I got to wondering about this the other day when someone posted on facebook about having a flatwork lesson and what it entailed. Over time my general flatwork routine has definitely evolved, from horse to horse and discipline to discipline. Back in the hunter days we might do different size circles, some transitions, a little bending left and right, maaaaaaybe some shoulder-in, mostly in a stretchy trot type of outline. When I moved to the jumpers it got a bit more intense – shoulder in, leg yield, opening and closing the stride, smaller circles, etc. And then of course over to eventing, dipping our toes into actual dressageland (um, -ish…) and adding in such fun things as haunches-in, canter squares, half pass, etc.
As I’ve learned more, my overall flatwork routine has definitely evolved. Of course a lot depends on the horse you’re sat on and their level of training – I can’t just go in the ring and pop out a casual half pass on the 4yo for funsies. But he did get a lot of things introduced to him earlier on than some of my other horses, because I have more of an “established” (lolhelpme) background in flatwork fundamentals. I’m still shit at it, but… ya know. A little less shit?
Anyway, I think a lot of us probably have a “typical” flatwork routine for most of our horses. Like, let’s say, it’s just a regular ol’ work day, not a lesson day or anything, and you’re flatting your horse just to push some buttons and keep them moving and tuned up. I’m curious – what does that look like for you with your own horse, whatever their stage of training or discipline?
For example, mine: Henry was a Prelim event horse but we don’t really seem to show anymore (at the moment anyway). I can’t tell you the last time I put a dressage saddle on him, but we still do flatwork several times a week. I push all the same buttons I spent so long installing, both to keep him tuned up in case we ever do make it to a show again, and to keep his body stronger and more gymnasticized. So for him, just a regular ol’ not-at-all-special day of flatwork starts at the walk, usually going back and forth from freewalk to contact, opening and closing the stride, and doing figure 8’s on 10-ish meter circles to get him bending around my leg. Then we move to trot, which he usually likes to do a big stretch before we really dig in, so we might make a few 20m circles or laps of the arena just letting him stretch before I start to put him back together a bit. From there we do a lot of lateral work – leg yield and shoulder-in are is his jam, he is always Mr. Tension and it helps him relax into the outside rein – and serpentines. I’ll play a lot with transitions within the gait – lengthening the stride, then making it small, then back to working – and going back and forth and in between. We’ll throw in a few trot/walk/trot on a circle (rapid-fire transitions have always been his “come apart” trigger, and some days they still are). Then canter, with leg yield, maybe a little baby half pass, always some counter canter loops, and most assuredly our favorite and most important exercise for an event horse – opening and closing the stride. I want to be able to go from a 10′ stride to a 14′ stride to a 12′ stride and back again at the drop of a hat while jumping, so transitions within the canter are probably the #1 thing we do and we do it EVERY ride (I think if you sit outside the jumper ring or the cross country warmup that’s probably the thing you’d see most often too). If you can’t quickly and easily adjust the canter, you’re screwed on a jumping horse.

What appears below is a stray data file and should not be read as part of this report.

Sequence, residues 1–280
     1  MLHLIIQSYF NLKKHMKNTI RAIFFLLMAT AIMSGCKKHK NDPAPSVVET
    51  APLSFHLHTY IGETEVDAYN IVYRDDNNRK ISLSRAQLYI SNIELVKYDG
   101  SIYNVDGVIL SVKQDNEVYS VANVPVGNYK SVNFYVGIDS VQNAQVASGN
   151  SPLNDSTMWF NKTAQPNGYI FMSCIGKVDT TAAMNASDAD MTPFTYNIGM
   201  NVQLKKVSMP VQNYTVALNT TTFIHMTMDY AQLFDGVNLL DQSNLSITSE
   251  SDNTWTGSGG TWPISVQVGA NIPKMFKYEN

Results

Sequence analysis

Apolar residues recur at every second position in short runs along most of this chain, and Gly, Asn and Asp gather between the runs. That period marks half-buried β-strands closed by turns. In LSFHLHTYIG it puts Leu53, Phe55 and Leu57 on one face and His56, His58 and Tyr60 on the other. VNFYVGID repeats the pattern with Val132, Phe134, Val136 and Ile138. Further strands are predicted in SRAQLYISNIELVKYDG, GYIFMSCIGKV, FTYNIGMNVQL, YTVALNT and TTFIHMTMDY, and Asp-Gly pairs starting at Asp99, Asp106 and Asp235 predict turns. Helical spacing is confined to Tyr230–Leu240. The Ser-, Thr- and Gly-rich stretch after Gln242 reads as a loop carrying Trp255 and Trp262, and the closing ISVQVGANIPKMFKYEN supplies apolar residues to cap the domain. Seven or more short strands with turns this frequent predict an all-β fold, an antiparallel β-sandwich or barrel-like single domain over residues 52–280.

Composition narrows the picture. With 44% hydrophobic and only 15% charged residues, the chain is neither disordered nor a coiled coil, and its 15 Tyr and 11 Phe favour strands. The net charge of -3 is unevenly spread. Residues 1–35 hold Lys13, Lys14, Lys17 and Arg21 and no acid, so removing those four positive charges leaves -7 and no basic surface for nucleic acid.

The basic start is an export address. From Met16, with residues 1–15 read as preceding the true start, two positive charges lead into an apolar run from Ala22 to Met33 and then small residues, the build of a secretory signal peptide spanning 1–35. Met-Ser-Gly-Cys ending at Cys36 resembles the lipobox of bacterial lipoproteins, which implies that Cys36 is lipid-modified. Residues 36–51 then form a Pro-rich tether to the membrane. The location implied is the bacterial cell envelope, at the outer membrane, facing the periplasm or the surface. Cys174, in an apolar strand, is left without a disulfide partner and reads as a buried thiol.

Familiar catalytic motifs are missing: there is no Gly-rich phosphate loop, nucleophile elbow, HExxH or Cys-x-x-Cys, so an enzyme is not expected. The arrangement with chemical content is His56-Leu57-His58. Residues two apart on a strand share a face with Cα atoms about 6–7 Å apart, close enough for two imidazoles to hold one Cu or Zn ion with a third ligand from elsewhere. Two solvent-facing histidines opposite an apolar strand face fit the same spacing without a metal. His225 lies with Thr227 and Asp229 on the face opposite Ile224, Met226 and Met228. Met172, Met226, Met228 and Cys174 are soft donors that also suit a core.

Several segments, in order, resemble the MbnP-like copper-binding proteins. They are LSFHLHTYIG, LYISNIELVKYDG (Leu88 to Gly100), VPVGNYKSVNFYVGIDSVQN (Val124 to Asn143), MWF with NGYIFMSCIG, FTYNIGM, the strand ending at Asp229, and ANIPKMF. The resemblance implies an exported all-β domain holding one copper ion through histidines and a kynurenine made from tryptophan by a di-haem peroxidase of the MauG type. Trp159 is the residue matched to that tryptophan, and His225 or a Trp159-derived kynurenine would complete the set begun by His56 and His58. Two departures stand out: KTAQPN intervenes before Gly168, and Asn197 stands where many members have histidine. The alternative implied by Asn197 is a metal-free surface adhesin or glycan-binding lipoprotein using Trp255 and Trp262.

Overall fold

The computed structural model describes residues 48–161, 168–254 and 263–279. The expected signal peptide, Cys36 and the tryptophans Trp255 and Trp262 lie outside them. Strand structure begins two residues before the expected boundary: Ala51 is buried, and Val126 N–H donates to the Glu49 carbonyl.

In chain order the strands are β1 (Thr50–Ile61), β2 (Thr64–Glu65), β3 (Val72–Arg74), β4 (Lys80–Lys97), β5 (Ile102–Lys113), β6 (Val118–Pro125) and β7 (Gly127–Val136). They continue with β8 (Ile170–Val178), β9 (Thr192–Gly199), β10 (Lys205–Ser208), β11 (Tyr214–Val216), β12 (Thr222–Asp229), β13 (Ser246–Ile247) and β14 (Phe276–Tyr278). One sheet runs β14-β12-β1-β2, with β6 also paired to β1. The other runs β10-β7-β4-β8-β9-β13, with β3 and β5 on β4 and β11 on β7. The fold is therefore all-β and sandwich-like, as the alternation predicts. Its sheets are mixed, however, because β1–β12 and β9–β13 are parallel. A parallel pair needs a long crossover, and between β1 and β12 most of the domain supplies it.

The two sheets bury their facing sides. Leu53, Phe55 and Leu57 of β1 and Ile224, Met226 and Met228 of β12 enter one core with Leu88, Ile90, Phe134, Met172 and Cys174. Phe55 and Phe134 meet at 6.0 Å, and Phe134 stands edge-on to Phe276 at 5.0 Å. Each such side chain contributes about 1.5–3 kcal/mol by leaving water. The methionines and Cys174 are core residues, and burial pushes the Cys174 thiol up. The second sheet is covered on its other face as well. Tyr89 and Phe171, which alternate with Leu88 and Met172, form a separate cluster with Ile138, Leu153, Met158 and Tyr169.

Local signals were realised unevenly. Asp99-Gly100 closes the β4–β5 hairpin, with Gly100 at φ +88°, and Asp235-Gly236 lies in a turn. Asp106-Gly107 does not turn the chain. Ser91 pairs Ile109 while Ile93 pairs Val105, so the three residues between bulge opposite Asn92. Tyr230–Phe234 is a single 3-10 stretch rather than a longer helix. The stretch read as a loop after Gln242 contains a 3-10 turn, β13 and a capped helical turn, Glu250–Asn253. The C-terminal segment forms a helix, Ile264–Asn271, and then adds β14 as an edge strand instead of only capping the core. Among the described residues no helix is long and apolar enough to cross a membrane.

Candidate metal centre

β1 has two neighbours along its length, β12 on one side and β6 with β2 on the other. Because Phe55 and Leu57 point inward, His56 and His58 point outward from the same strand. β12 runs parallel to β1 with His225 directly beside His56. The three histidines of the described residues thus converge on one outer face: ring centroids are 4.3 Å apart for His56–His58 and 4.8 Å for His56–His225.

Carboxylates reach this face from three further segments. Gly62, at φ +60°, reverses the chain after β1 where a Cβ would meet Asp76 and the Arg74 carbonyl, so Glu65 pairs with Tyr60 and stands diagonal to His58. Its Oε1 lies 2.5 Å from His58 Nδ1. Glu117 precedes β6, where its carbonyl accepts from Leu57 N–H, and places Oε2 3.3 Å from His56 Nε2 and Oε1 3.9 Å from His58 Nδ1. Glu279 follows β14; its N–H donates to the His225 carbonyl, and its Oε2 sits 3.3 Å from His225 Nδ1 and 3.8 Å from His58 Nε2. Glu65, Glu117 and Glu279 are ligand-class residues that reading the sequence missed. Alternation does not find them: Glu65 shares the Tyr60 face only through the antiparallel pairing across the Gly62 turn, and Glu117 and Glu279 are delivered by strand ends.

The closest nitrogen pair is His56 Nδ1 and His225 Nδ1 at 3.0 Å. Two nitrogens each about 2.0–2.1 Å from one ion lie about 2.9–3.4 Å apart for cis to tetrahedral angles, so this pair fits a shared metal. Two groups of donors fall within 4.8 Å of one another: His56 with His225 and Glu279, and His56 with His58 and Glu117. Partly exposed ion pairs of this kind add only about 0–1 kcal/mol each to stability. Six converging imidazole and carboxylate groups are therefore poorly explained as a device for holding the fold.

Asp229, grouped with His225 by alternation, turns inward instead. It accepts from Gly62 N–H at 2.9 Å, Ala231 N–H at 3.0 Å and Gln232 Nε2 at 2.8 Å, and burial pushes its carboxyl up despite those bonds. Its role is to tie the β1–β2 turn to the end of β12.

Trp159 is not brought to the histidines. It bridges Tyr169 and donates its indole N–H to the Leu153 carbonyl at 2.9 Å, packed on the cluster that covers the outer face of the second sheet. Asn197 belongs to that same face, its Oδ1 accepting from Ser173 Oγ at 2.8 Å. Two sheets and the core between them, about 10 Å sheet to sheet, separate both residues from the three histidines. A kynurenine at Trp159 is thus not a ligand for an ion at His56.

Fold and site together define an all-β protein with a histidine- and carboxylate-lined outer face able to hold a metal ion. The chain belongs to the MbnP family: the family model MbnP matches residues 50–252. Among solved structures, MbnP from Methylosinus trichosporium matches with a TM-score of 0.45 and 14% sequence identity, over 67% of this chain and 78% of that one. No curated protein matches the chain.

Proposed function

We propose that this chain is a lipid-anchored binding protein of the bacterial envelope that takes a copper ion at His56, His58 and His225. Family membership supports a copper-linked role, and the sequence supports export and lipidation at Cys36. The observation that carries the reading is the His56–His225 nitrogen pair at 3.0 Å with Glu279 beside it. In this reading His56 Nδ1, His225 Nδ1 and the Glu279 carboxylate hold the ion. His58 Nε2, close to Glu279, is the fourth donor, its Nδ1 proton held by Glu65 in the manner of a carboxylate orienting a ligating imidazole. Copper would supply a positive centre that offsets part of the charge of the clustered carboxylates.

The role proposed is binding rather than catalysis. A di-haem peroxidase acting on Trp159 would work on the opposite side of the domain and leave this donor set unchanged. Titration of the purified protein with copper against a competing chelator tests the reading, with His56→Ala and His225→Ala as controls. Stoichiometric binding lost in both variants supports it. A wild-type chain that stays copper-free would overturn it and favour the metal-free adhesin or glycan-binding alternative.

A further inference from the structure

Canter squares are big for us too, because Henry is a croup-high, naturally quite downhill horse, and they help get his hind end more underneath him and his front end up a bit. I’ll do a simple change here and there with him sometimes but almost never flying changes, because he loves to throw flying changes into dressage tests where they shouldn’t be. We’ll do some canter/stretchy trot/canter or some canter/walk/canter or some canter/trot/halt/rein-back/canter too, how many or which variations depend on the day and how spicy he is. After that we do some free walk, more stretchy trot, stretchy serpentines, etc, and then we’re done. It could be 20 minutes or it could be 45 minutes, depending on the day.
Presto obviously isn’t here right now and is neon green, but before he left his flatwork sessions were about 15-20 minutes and consisted of transitions between walk and trot and canter (mostly walk and trot since he was still kind of struggling with his canter balance in the dressage arena), beginning leg yield (he was actually pretty good at that), the extreme beginning of shoulder-in (less good at that), small transitions within each gait, serpentines, and figure 8’s. Nothing particularly complicated, but enough to keep him focused and thinking and paying attention to my leg/seat and not just blobbing around on endless 20m circles. At the canter he either did simple laps around or did circles. We had just started playing with opening the stride and then coming back when I sent him off for training.
So tell me – what does your average, not-special flatwork day look like? Discipline and level of horse? I love seeing what everyone else does and why!